Great British Car Journeys
Great British Car Journeys (Channel 4)
It’s 40 years since Peter Davison and Christopher Timothy met on the set of All Creatures Great and Small, the much-loved Sunday night veterinary saga that itself harked back to a more innocent age. So when the amiable duo began a second run of their Great British Car Journeys with a bumble down memory lane through ‘Herriot country’, it felt like a definite case of nostalgia squared.
Kitted out in tweeds and flat caps, the self-styled ‘honorary Yorkshiremen’ nosed their trusty Morgan 4/4 down their own personal TV heritage trail (Herriotage trail?) that took them from Scarborough to the heart of the Dales, making pit stops along the way to investigate Yorkshire’s contribution to the golden age of motoring. At Wykenham Abbey, for example, they learned how the legendary Aston Martin DB5, of 007 fame, was given a bit more poke by, of all things, a firm of tractor engineers. Naturally, Timothy couldn’t wait to get behind the wheel (of a tractor, that is – he’s James Herriot, not James Bond).
After that, they tackled the treacherous Rosedale Chimney Bank, one of Britain’s steepest roads. At least they said it was treacherous – in practise, it meant them pootling happily up a hill like the world’s most sedate Top Gear challenge.
There were also jolly chats with various classic car enthusiasts (men of a certain age, mostly) while the real James Herriot’s son Jim joined them on Sutton Bank to enjoy what Herriot Snr – real name Alf Wight – once described, with some justification, as ‘the finest view in England’.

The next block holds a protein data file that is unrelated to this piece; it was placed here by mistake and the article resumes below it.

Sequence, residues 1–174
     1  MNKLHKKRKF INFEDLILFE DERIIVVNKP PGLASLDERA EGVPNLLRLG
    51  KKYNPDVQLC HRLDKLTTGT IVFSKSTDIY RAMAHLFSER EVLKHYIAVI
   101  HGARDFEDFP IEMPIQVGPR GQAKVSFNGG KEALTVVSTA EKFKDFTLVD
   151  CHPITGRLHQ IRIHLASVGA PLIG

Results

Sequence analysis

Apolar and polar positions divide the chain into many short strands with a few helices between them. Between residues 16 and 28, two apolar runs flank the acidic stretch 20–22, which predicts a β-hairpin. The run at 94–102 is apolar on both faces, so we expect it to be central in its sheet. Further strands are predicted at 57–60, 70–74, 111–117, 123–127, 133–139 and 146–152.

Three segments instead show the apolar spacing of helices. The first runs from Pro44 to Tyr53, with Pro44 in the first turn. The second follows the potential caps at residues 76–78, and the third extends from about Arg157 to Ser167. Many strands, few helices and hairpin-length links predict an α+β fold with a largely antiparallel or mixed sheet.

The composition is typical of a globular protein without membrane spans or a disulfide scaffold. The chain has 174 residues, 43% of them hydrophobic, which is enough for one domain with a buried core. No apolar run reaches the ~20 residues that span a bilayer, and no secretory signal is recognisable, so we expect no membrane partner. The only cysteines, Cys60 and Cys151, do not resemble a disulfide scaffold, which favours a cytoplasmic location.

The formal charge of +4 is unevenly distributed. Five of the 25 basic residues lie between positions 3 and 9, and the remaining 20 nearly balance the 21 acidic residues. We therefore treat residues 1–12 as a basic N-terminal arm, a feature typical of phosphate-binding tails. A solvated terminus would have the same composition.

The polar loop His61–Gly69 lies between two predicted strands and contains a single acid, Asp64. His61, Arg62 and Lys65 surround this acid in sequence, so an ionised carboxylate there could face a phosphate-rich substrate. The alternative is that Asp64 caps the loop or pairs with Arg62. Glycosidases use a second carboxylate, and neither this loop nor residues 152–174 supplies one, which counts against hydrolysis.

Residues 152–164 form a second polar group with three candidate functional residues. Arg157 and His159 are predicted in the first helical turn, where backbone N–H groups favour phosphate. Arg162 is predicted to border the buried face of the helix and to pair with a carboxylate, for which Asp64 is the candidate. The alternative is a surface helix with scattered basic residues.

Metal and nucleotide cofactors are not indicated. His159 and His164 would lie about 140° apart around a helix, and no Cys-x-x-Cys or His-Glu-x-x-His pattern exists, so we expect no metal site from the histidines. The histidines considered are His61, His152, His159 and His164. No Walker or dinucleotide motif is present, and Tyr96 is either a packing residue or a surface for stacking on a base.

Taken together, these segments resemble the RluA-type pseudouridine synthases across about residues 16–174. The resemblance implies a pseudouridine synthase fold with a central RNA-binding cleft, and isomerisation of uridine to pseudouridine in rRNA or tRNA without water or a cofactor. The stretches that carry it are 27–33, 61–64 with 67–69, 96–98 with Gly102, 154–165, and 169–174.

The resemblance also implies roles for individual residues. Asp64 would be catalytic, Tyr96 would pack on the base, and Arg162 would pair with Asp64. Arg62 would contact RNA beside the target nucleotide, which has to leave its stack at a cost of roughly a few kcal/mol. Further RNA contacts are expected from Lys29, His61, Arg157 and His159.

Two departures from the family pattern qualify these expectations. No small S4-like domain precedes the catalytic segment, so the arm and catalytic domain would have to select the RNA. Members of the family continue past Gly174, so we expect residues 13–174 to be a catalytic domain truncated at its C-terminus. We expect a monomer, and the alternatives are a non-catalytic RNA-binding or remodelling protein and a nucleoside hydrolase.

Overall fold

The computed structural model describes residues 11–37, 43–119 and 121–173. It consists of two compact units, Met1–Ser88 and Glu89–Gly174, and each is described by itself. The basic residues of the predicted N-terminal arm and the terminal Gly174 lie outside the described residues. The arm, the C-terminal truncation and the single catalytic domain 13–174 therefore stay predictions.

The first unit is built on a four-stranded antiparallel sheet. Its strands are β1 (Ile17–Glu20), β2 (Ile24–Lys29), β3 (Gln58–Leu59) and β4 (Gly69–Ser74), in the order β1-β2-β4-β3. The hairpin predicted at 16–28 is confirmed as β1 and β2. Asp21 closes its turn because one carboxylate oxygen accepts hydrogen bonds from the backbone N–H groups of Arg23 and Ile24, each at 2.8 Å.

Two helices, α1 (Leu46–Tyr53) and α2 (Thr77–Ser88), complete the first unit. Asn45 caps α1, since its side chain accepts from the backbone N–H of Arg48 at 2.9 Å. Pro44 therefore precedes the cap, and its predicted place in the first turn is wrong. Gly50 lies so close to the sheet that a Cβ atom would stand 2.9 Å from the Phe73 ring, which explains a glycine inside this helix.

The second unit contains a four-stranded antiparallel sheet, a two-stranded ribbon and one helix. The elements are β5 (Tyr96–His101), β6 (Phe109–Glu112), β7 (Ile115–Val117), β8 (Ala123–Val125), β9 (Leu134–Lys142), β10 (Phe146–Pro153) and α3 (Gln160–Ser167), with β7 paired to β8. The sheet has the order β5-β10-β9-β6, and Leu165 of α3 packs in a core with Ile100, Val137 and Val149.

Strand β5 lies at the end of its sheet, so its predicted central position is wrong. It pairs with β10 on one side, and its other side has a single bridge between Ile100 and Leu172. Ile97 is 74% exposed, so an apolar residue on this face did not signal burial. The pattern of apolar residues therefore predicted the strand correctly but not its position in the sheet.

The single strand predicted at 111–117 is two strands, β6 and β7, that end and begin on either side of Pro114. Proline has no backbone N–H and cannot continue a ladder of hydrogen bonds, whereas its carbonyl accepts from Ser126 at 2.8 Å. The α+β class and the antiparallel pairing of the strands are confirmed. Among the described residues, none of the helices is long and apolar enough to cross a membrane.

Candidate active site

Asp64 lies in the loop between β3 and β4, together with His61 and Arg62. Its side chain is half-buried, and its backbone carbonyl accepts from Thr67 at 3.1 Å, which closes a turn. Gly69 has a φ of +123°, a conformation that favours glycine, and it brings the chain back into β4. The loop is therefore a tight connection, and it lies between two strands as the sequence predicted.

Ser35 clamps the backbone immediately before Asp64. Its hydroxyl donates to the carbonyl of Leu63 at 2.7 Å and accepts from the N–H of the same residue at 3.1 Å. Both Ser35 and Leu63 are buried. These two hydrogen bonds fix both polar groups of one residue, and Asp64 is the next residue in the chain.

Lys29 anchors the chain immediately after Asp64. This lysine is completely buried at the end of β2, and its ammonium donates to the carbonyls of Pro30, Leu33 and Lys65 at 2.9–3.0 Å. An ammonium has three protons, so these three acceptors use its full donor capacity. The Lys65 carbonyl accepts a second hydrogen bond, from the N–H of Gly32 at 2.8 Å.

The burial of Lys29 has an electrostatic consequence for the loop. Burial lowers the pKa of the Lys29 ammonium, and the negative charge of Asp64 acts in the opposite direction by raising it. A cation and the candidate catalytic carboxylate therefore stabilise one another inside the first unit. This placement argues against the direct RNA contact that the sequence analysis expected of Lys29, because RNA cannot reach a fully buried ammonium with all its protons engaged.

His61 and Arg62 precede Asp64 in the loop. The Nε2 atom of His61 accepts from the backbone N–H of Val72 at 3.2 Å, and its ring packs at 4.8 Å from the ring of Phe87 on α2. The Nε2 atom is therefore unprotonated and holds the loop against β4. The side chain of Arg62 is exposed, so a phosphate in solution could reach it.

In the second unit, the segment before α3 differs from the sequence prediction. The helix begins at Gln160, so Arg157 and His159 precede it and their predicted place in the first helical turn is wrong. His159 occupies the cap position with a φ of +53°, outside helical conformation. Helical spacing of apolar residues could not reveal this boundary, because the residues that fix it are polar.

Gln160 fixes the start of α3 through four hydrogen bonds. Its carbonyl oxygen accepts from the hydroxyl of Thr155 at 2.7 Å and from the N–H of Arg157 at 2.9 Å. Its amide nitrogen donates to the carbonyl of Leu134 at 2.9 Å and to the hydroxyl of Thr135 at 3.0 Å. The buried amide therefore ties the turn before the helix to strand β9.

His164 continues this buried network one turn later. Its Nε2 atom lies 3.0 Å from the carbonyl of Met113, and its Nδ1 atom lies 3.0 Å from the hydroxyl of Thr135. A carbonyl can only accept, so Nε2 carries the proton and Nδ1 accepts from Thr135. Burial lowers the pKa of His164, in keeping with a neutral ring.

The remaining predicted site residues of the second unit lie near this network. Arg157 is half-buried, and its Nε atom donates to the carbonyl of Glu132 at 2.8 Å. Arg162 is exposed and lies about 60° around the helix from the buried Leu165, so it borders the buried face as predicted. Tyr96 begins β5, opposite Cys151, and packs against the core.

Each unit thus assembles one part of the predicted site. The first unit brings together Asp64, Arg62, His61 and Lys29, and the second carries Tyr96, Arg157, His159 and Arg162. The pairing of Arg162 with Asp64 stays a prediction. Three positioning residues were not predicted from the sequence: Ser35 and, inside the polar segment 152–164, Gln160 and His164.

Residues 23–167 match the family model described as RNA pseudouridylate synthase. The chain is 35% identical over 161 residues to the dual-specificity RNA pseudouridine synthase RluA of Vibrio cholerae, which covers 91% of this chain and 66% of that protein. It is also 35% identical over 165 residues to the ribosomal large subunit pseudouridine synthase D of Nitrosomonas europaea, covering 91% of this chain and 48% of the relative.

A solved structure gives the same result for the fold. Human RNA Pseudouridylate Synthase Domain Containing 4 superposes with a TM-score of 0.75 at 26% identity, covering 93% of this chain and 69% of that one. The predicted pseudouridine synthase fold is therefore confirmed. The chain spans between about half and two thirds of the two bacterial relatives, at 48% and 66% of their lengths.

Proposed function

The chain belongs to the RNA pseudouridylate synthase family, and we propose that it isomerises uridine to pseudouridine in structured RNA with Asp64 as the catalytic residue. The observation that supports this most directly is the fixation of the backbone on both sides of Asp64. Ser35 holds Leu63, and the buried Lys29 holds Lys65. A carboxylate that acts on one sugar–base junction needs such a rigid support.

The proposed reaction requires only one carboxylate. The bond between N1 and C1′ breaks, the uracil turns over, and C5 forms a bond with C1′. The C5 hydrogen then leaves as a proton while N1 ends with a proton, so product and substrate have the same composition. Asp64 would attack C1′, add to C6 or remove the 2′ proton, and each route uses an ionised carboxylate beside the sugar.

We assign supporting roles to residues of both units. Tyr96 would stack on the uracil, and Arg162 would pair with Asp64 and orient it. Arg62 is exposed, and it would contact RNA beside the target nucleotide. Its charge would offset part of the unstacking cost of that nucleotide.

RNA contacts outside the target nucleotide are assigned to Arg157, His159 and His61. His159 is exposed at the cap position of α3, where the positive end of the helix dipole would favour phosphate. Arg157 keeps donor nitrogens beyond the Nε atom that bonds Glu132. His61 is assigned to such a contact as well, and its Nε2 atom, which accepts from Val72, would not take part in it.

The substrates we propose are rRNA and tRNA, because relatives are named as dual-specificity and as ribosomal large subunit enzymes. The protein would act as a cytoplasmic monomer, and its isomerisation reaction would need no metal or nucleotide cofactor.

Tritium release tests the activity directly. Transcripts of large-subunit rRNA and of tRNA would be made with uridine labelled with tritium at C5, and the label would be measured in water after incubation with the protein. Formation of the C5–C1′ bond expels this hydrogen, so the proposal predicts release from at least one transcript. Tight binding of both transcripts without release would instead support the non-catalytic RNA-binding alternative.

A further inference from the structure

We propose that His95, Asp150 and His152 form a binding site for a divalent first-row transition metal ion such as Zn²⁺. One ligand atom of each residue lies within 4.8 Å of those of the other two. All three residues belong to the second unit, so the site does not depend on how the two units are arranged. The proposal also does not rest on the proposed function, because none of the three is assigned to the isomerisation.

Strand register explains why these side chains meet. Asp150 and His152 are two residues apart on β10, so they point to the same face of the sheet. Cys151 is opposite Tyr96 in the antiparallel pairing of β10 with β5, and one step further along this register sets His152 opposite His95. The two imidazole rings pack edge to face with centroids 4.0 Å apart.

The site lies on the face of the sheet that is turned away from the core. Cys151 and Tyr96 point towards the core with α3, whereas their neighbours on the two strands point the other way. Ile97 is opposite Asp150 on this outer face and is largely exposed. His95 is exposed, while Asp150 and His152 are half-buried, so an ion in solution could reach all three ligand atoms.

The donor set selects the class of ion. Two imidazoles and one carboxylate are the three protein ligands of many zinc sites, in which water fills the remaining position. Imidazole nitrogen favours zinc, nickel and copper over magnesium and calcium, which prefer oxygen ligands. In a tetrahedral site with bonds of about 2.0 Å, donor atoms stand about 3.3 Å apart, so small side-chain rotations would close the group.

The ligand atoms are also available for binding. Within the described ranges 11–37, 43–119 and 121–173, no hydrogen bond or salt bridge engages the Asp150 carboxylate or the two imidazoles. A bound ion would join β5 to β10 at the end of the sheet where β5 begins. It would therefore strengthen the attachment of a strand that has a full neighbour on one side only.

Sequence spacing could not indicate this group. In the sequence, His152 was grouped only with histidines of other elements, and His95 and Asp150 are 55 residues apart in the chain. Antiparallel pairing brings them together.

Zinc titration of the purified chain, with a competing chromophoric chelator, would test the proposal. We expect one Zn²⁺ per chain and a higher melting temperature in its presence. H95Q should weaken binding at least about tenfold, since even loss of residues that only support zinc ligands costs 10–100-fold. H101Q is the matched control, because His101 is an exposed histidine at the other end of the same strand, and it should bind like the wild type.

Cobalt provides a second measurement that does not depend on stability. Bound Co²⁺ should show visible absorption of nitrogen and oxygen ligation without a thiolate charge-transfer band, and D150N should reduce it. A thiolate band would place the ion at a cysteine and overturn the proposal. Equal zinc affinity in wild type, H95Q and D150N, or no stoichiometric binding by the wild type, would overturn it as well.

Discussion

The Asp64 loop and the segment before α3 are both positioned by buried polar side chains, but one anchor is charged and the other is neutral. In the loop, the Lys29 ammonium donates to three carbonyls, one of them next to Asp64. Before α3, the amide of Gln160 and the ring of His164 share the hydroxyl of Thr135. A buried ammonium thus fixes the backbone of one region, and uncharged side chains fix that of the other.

A delightful hour of television climaxed with our hosts commandeering an Austin 7 to recreate the famous All Creatures Great and Small title sequence. That’s two men in 2019 pretending to be two men in 1977 pretending to be two men in 1935, with Davison taking the role of his older brother Siegfried, as played by Robert Hardy when he was 20 years younger than Davison is now. It makes his time travels as Doctor Who look positively straightforward…
Dublin Murders (BBC One)
Dublin Murders is billed as a ‘dark psychological thriller’. Oh goody – because we haven’t had one of those for literally hours. Thankfully, writer Sarah Phelps brings the same deft touch to Tana French’s Dublin Murder Squad novels as she did to the BBC’s recent Agatha Christie adaptations, while Sarah Greene and Killian Scott’s career-making turns as a pair of troubled Irish detectives are compelling enough to distract from the critical mass of crime drama clichés.
If you’ve given up on The Walking Dead – which lurches on as relentlessly as one of its flesh-eating antagonists – you might prefer this breezy new take on the genre, in which two sisters (Leah Brotherhead and Downton’s Cara Theobold) attempt to flee a zombie apocalypse by chugging – very slowly – out of Birmingham on a narrowboat. It’s decent enough post-pub fare, if you ignore the fact Shaun of the Dead did it first (and better).
Published in Waitrose Weekend, 17 October, 2019
(c) Waitrose Weekend